"The successful entities have to pay the physician leaders for their leadership time and talent and replace the lost clinical time that their management commitments require with additional clinical staff with their own attendant costs," he says. "Leadership time has clear costs, but is not directly associated with a reimbursement stream."
Additionally, reduced physician output can also play a part in higher costs, according to McDermott, who says doctors often suffer "the loss of productivity associated with EHR transition and that associated with feeling less pressure to produce to still be able to pay [their] bills."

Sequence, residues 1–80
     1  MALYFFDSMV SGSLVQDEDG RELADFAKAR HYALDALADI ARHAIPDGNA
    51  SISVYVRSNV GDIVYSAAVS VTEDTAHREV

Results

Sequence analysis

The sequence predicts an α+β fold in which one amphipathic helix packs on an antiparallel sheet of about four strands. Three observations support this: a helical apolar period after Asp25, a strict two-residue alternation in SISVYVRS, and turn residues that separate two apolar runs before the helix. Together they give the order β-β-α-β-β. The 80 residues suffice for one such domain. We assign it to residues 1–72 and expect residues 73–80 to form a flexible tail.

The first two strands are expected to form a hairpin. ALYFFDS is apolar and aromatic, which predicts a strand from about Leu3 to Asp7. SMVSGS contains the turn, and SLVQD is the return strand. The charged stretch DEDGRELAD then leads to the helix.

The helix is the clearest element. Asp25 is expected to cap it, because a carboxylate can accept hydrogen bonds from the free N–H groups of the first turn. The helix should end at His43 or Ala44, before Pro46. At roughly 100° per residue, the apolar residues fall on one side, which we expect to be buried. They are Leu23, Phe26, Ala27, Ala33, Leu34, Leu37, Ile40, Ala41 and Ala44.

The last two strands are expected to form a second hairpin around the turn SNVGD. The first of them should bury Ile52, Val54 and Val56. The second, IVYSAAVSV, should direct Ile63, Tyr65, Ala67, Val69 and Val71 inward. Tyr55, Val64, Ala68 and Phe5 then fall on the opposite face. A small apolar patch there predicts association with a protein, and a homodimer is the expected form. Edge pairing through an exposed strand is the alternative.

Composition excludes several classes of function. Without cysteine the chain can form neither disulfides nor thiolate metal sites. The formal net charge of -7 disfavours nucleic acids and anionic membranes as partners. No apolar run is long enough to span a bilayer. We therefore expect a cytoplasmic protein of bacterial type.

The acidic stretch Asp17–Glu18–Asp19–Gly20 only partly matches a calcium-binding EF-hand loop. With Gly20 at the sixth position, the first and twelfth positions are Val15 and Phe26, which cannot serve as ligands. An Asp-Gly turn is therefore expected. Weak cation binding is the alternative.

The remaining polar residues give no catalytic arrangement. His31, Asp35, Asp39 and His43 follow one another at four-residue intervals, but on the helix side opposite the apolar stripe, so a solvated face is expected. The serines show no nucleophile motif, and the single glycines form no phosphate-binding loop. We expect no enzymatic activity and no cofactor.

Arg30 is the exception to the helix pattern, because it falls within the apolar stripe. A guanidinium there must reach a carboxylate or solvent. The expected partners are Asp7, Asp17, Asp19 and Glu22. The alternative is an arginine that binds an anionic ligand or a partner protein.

Although McDermott sees physician integration as a driver of higher care costs, he sees the benefits, as well.
"I live and work in rural Maine. ... [A]bout 40% of our patients have Medicare and 30% [have] Medicaid. Another 10% don't have insurance… I think that the payer mix is not unique here and reflects much of rural America," he says. "If we did not have the high degree of integration we have in our community, we would have far fewer providers to see the residents of the region, and its health would suffer adversely."
Unlike Angood, however, McDermott isn't so optimistic that the upward cost trend he associates with physician integration is temporary.
"I think that some of these factors are here to stay," he says.